To enable 3D printing, the dispersions consisting of MXenes (Nb2CTx, Ti3C2Tx, or Mo2Ti2C3Tx), PDEOT:PSS, and additives in the above discussed proportions, were condensed by high-speed centrifugation, resulting in solid-like inks with MXene-PEDOT:PSS presenting a concentration of ~50 mg mL–1 (Supplementary Fig. 6). A rheological study was carried out to probe the suitability of these inks for 3D printing (Fig. 2b–d). As shown in Fig. 2b, the Nb2CTx, Ti3C2Tx, and Mo2Ti2C3Tx inks all exhibit high apparent viscosities and shear-thinning non-Newtonian behavior, which ensures the continuous flow of inks through nozzles and the shape fidelity once the applied stress is released. Figure 2c depicts the storage modulus (G′) and loss modulus (G″) of the inks. The yield stress (crossover point between G′ and G″) values of Nb2CTx, Ti3C2Tx, and Mo2Ti2C3Tx inks were measured to be 803, 664, and 778 Pa, respectively, which markedly exceed the requirement for 3D printing of MXenes (ca. 100 Pa)25,26. Below the yield stress (G′ > G″), the three inks behave as solids, and they flow under higher shear stress (G″ > G′), which allows for ink extrusion through nozzles. The frequency scan was also performed, as displayed in Supplementary Fig. 7, the three inks all possess higher G′ than G″ with G′ and G″ being frequency-independent throughout the measured frequency range. Moreover, the ink-processability-related parameter G′/G″ ratios of three inks fall within the range for MXene extrusion printing (from ca. 2.5 to 20) (Fig. 2d)27. This once again demonstrates the suitability of these inks for extrusion printing. Various MXene sol architectures were produced and are shown in Supplementary Movies 1–5. After a self-assembly process, the 3D-printed MXene sols further transformed into MXene hydrogels with great shape fidelity; a Ti3C2Tx hydrogel microlattice and a Ti3C2Tx hydrogel rectangular hollow prism on glass slides, a Nb2CTx hydrogel Chinese knot on cloth, a Nb2CTx hydrogel “CRANN” logo and flexible Mo2Ti2C3Tx hydrogel MSC units on polyethylene terephthalate (PET) films were fabricated with this technique to demonstrate its versatility and scalability (Fig. 2e, Supplementary Fig. 8). Additionally, treatment with concentrated H2SO4 boosted the mechanical properties of the 4D-printed hydrogels. Even after vigorous shaking, the treated Ti3C2Tx hydrogel microlattice and rectangular hollow prism retained their integrity without displaying breakage or deformation (Supplementary Movie 6, Supplementary Fig. 9). The enhanced mechanical strength will benefit MXene hydrogels in many applications. In contrast, the 3D-printed Ti3C2Tx sol microlattice broke into fragments after shaking (Supplementary Movie 7, Supplementary Fig. 10).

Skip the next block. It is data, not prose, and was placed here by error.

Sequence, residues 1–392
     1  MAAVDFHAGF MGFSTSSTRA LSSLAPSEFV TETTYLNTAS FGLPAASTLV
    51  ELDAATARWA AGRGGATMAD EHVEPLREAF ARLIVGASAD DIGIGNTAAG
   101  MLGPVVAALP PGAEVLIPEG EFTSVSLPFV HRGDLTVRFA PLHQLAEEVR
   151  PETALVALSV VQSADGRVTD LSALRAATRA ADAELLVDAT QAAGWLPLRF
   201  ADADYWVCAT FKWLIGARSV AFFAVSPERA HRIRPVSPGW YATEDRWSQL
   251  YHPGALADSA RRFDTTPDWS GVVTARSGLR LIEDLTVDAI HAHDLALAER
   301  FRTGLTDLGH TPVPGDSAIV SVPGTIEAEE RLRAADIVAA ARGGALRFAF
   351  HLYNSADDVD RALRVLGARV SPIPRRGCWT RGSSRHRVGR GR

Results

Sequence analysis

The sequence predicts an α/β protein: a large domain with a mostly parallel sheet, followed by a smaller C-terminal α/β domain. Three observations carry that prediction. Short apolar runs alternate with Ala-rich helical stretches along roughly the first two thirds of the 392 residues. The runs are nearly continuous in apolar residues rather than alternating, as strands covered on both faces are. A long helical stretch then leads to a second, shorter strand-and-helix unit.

The microstructures of MXene hydrogels were examined with scanning electron microscopy (SEM). As displayed in Fig. 2f–h, the Nb2CTx, Ti3C2Tx, and Mo2Ti2C3Tx hydrogels have porous structures with pore sizes ranging from less than a micrometer to several micrometers. TEM images also show the 3D framework of MXene hydrogel, and polymer chains sandwiched between MXene layers (Supplementary Fig. 11). N2 adsorption/desorption isotherms were recorded at 77 K to further investigate their Brunauer-Emmett-Teller (BET) specific surface areas (SSAs) and pore size distributions (Supplementary Fig. 12). The results confirmed the porosity of the MXene hydrogels materials, as indicated by their type II adsorption isotherms, typical of macroporous sheet-like adsorbents, but combined with hysteresis, typical of mesoporous materials (Type IV isotherms). While Mo2Ti2C3Tx and Nb2CTx hydrogels present the expected narrow hysteresis loops, the Ti3C2Tx hydrogel presents a broader hysteresis which indicates the presence of slit-shaped mesopores28. The SSAs of Nb2CTx, Ti3C2Tx, and Mo2Ti2C3Tx hydrogels were calculated to be 48.7, 21.8, and 21 m2 g−1, respectively, which are comparable to other porous MXene materials29. Notably, despite the porous structure inducing the formation of finite electron transport pathways, the electrical conductivities of our MXene hydrogels still reach 37, 1548, and 231 S m−1 for Nb2CTx, Ti3C2Tx, and Mo2Ti2C3Tx hydrogels, respectively (Fig. 2i). This showcases the potential of these materials for applications in sensors, bioelectronics, electromagnetic interference shielding, electrochemical energy storage, etc. (Supplementary Table 2). The conductivity difference between these hydrogels should be ascribed to the intrinsic conductivity difference of the three MXenes (Supplementary Fig. 13).